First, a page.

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Advancing Chemical Risk Assessment through Human Physiology-Based Biochemical Process Modeling

HERACLES Research Center on the Exposome and Health, Center for Interdisciplinary Research and Innovation, Balkan Center, Bldg. B, 10th km Thessaloniki-Thermi Road, 57001 Thermi, Greece
Environmental Engineering Laboratory, Department of Chemical Engineering, Aristotle University of Thessaloniki, University Campus, 54124 Thessaloniki, Greece
Environmental Health Engineering, Department of Science, Technology and Society, University School for Advanced Study (IUSS), Piazza della Vittoria 15, 27100 Pavia, Italy
Author to whom correspondence should be addressed.
Received: 30 September 2018 / Revised: 22 December 2018 / Accepted: 27 December 2018 / Published: 4 January 2019
(This article belongs to the Special Issue Experimental and Numerical Studies in Biomedical Engineering)
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Physiology-Based BioKinetic (PBBK) models are of increasing interest in modern risk assessment, providing quantitative information regarding the absorption, metabolism, distribution, and excretion (ADME). They focus on the estimation of the effective dose at target sites, aiming at the identification of xenobiotic levels that are able to result in perturbations to the biological pathway that are potentially associated with adverse outcomes. The current study aims at the development of a lifetime PBBK model that covers a large chemical space, coupled with a framework for human biomonitoring (HBM) data assimilation. The methodology developed herein was demonstrated in the case of bisphenol A (BPA), where exposure analysis was based on European HBM data. Based on our calculations, it was found that current exposure levels in Europe are below the temporary Tolerable Daily Intake (t-TDI) of 4 μg/kg_bw/day proposed by the European Food Safety Authority (EFSA). Taking into account age-dependent bioavailability differences, internal exposure was estimated and compared with the biologically effective dose (BED) resulting from translating the EFSA temporary total daily intake (t-TDI) into equivalent internal dose and an alternative internal exposure reference value, namely biological pathway altering dose (BPAD); the use of such a refined exposure metric, showed that environmentally relevant exposure levels are below the concentrations associated with the activation of biological pathways relevant to toxicity based on High Throughput Screening (HTS) in vitro studies. View Full-Text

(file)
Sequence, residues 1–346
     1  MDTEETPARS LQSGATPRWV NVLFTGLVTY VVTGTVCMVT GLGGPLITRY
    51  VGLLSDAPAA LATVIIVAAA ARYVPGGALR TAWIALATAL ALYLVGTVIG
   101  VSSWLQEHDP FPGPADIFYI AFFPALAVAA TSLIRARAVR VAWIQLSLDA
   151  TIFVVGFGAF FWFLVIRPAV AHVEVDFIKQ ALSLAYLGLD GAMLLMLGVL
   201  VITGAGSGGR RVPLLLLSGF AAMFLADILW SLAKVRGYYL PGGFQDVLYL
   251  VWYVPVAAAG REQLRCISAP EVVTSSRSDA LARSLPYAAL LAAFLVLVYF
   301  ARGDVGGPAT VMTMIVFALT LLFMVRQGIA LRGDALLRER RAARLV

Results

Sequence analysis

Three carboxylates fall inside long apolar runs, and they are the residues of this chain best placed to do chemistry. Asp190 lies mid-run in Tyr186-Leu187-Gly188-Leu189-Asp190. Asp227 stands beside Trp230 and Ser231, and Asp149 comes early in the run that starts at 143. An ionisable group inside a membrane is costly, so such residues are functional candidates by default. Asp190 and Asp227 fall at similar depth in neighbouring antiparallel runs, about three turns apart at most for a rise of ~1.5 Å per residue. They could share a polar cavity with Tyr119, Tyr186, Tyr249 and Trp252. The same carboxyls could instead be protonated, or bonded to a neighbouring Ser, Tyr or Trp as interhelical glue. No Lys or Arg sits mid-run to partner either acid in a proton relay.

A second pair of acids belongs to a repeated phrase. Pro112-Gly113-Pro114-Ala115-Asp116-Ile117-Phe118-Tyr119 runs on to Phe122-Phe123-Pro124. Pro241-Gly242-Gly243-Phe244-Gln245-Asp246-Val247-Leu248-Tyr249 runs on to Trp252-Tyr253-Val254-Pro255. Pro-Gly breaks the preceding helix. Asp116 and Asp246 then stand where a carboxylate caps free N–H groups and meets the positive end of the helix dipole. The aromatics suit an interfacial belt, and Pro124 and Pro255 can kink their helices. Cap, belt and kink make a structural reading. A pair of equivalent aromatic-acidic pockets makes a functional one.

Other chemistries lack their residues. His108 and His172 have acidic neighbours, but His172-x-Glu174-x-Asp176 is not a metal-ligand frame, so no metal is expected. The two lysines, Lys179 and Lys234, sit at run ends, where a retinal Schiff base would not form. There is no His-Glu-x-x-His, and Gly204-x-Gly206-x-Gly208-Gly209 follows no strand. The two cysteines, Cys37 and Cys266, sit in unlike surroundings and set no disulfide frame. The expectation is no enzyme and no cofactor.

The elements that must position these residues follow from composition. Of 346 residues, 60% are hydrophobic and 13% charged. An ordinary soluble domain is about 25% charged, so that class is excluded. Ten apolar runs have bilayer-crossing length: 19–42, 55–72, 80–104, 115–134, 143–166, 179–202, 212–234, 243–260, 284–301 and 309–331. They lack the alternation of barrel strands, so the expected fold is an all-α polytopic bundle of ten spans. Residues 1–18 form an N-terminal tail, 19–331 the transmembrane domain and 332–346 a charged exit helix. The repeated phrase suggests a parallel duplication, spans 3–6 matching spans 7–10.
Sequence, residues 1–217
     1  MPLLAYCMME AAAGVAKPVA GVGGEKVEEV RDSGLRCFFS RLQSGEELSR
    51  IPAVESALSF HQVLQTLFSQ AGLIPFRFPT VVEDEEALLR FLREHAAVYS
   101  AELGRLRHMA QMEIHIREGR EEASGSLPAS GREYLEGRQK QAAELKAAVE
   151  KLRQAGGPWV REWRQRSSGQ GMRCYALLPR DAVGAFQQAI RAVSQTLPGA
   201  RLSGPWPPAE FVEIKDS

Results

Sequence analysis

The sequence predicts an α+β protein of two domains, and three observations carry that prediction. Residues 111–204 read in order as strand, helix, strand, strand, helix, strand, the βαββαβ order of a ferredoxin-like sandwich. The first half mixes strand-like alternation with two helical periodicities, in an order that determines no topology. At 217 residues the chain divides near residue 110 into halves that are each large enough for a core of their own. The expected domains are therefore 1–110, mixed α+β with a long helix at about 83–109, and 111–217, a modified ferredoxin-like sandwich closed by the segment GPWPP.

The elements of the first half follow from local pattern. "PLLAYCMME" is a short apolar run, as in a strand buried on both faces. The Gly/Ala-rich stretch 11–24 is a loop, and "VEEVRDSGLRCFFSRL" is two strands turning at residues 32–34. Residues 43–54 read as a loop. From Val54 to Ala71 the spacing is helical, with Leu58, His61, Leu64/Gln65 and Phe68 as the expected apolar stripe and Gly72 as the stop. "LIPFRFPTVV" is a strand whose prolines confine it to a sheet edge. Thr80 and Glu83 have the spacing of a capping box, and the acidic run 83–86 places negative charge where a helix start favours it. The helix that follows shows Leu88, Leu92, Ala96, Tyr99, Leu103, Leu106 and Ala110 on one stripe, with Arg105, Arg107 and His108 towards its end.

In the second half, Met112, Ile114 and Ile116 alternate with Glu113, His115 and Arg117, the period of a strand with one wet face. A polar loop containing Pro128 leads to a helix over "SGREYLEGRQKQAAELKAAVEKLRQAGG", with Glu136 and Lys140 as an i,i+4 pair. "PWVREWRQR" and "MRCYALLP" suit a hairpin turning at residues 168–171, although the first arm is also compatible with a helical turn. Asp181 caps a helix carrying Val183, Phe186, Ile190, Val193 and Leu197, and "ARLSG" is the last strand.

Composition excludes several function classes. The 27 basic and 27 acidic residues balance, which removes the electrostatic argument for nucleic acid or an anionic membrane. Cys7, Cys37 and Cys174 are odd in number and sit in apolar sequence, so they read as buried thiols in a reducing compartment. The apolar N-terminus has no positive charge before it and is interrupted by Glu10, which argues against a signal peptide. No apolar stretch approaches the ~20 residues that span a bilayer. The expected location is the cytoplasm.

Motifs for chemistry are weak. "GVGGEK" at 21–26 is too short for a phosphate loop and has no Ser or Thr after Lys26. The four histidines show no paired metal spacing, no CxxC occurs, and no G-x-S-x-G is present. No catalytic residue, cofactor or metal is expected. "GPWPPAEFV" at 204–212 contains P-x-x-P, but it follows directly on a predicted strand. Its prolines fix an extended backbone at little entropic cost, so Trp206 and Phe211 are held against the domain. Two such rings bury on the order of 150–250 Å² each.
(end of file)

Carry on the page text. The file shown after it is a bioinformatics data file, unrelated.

Keywords: biochemical processes; biokinetics; human biomonitoring; bisphenol A; exposure reconstruction; risk assessment biochemical processes; biokinetics; human biomonitoring; bisphenol A; exposure reconstruction; risk assessment

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Sarigiannis, D.; Karakitsios, S. Advancing Chemical Risk Assessment through Human Physiology-Based Biochemical Process Modeling. Fluids 2019, 4, 4.

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